"Looks great," they told Chris.
"What?" they said. "I flossed like eight times in the last three weeks. Scold me immediately!"
"It's about how you've been doing for the whole time, not during a small period."
What does this have to do with writing? My health issues? Cancer?
Writing is a lot like flossing. Life happens. Things come up. New love blooms. Suddenly you're embroiled in medical stuff, and being spit roasted (but by tubes with cameras and not in the fun way). You aren't as good about sitting down and writing (at the designated time and for a few hours) for days or a week or even a month.
But you have good habits. You learned to look for ways to make your writing time WORK instead of looking for excuses for why you couldn't. You do it a little instead of not at all during the troubled time, and when the stress passes, you're right back there doing it like you ever were. So you're maybe just a little rusty at putting in a full day instead of completely out of writing shape.
I will probably write this post over the course of a weekish (most posts take a couple of sessions—I rarely sit down and write a draft from beginning to end), but at this exact moment I'm writing this sentence from the chair in the infusion lab where I am having iron put directly into me intravenously. I'm looking at half a dozen folks here for what I'm almost certain is chemotherapy, and trying not to let my thoughts spiral too far along the path of "extremely rare reactions" . Maybe it'll be something easy.
(Narrator's voice: It wasn't.)
The doctors appointments tend to stack pretty hard when you've got something going on. You see your primary care physician. They want you to see a couple of specialists. You consult with a specialist; they schedule a procedure. You consult with another specialist. They schedule two procedures, labs, and a follow up. Your primary care physician wants another appointment. One of the specialists finds something. You get moved from consult to procedures faster than you've ever seen the medical bureaucracy move. Suddenly every week is two or three or more appointments with a mountain of paperwork for each one, and you're losing days here and there to recovery times and weird appointments that don't fit well into your workday but were all they had.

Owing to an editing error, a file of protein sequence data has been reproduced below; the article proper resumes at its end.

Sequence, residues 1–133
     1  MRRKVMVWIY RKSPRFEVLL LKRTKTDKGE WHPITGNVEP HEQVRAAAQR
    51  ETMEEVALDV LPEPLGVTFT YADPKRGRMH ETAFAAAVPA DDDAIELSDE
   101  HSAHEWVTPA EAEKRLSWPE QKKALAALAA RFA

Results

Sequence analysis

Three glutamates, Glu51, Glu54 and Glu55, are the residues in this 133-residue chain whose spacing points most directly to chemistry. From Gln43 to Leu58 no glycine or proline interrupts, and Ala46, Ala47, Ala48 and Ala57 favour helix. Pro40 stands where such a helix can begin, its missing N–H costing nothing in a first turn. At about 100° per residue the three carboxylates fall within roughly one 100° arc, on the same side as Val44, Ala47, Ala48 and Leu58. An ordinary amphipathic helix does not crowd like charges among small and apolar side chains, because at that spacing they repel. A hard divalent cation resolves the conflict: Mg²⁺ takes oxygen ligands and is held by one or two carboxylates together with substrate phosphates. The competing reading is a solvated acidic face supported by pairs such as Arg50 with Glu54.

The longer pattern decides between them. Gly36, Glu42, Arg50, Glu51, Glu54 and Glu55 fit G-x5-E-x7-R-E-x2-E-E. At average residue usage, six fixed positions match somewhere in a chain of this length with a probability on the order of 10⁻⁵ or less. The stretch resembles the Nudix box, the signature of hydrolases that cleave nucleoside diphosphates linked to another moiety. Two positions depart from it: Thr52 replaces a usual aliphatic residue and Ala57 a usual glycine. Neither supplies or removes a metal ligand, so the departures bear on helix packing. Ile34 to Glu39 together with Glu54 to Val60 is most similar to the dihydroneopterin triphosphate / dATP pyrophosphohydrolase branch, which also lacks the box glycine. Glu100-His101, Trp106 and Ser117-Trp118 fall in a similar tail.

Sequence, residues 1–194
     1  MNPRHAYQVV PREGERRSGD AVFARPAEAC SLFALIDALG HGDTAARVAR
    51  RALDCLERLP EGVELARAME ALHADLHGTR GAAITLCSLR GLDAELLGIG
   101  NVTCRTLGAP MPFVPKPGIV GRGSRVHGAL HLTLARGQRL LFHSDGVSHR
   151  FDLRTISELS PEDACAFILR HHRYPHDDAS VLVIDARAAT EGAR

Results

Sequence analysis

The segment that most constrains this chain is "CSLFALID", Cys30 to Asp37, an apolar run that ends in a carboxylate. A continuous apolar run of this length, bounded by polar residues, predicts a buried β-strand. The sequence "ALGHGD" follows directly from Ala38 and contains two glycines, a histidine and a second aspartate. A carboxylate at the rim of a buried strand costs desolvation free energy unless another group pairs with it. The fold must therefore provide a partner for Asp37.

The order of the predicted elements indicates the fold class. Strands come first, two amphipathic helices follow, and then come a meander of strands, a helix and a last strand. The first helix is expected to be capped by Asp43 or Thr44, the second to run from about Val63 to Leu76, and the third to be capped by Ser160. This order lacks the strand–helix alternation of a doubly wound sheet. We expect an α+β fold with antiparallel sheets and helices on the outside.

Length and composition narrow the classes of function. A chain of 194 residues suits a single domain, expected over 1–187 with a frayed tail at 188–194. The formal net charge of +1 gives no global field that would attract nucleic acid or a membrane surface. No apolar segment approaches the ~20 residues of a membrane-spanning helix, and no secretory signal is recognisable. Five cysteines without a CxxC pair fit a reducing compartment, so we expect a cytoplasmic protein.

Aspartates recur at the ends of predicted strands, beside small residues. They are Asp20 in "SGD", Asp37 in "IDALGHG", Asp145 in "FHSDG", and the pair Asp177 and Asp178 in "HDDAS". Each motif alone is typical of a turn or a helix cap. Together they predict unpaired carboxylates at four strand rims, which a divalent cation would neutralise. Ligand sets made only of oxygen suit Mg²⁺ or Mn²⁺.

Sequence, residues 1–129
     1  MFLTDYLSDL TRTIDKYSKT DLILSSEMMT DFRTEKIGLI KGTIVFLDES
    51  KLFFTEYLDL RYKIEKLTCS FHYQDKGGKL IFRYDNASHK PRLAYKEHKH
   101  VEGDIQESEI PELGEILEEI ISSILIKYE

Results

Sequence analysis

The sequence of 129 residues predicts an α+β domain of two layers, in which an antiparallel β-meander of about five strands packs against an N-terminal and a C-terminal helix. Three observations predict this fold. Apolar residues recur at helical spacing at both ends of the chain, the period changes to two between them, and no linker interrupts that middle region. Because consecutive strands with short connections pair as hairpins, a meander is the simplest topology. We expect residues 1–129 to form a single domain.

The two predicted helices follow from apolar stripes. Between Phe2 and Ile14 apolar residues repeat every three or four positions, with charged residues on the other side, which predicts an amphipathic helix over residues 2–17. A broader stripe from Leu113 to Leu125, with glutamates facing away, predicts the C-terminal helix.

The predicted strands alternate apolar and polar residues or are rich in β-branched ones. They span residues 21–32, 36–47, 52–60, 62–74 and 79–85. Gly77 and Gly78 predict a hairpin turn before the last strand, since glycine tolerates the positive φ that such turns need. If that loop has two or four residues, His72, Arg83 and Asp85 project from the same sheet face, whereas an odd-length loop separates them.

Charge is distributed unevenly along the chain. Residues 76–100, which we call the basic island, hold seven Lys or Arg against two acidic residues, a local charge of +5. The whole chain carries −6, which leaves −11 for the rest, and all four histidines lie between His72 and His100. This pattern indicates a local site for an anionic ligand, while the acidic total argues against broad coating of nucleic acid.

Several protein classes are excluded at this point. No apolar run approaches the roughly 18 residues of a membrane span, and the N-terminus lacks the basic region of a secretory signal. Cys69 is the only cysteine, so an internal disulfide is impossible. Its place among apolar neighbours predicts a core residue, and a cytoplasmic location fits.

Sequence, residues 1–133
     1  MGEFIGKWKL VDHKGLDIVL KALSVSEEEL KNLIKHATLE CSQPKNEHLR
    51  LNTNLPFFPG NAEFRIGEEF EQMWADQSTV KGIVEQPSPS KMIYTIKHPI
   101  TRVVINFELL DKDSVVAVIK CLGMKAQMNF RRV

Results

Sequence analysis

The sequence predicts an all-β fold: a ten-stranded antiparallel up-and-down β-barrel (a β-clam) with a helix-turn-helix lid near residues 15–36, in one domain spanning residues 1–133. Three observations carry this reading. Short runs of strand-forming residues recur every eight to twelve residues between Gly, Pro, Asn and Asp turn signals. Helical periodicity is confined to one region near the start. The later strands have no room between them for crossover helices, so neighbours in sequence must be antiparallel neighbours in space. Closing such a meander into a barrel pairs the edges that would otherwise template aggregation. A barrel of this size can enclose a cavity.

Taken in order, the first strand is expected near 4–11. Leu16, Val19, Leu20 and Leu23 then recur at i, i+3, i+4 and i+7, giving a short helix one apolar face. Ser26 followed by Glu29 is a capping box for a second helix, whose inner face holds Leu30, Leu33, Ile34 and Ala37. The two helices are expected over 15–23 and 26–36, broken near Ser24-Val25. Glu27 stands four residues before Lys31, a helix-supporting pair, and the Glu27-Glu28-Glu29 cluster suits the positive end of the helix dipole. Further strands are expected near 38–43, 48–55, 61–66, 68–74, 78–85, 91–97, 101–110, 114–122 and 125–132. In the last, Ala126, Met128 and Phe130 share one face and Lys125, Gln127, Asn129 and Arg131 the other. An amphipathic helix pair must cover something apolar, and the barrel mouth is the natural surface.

Two days later…
I had a colonoscopy yesterday and they found something. Something big. At the moment I'm writing this paragraph, I'm waiting on the results of a biopsy—which basically means I'm waiting for someone to tell me if it's cancer*. I don't know when I'll find out, but it won't be tonight. Either way, it's big enough that I'm going to need surgery, so that consult has already been scheduled for tomorrow.
(Edit to add: I have since been told I do have cancer.)
That makes four appointments this week (along with another stack of intake paperwork)—to say nothing of the existential angst and difficulty being productive when one is grappling with the kind of news. I keep thinking I'm okay until I try to do something, and then I just sort of stare at it for ten or fifteen minutes and either break down crying before giving up to try again later, or finally manage to accomplish one thing every ten minutes or so.
I had hoped beyond hope that I would just need some iron, and they would send me on my merry way to get back into my writing schedule by next week. Now it seems I'm in this for a longer haul and as fast as they want to move, it could be pretty impactful in the coming weeks.
I don't know how to be anything other than a writer. I don't know how to get through the shitty moments of my life other than by writing through them. When the going gets tough, the Chris gets writing about it. It's my hobby, my therapy, my passion, my drug of choice, and my release valve all in one. I'll keep writing unless I can't.
It's just who I am.
It's just WHAT I am.
So…let's get ready. For a while this blog might have a bunch of entries that are more like Writing About Cancer. I may miss posts. I may not always be able to tie a day of being sick or miserably in pain from treatment into some kind of writer wisdom—or worse, I'll do it into the same old lesson of, "At least do SOMETHING." I may need to be in a painkiller haze for a few days after my operation and miss a few days or a week without so much as an apologetic peep. There are for sure going to be a couple more appeals posts than you might be used to, trying to help me put together the medical expenses that insurance couldn't cover.
But I'll keep writing. That's my commitment to you. No hiatus. No weeks off. No "I can't do this." I'll keep writing. In a drug-addled haze. From the infusion lab trying to calm rising anxiety. From waiting rooms and from my bed during recovery. Because I don't know how else to do.
And hopefully (since I've been "flossing" regularly), it'll still look pretty good in the end.
See that was a joke because it's in my colon…the "end"…nevermind.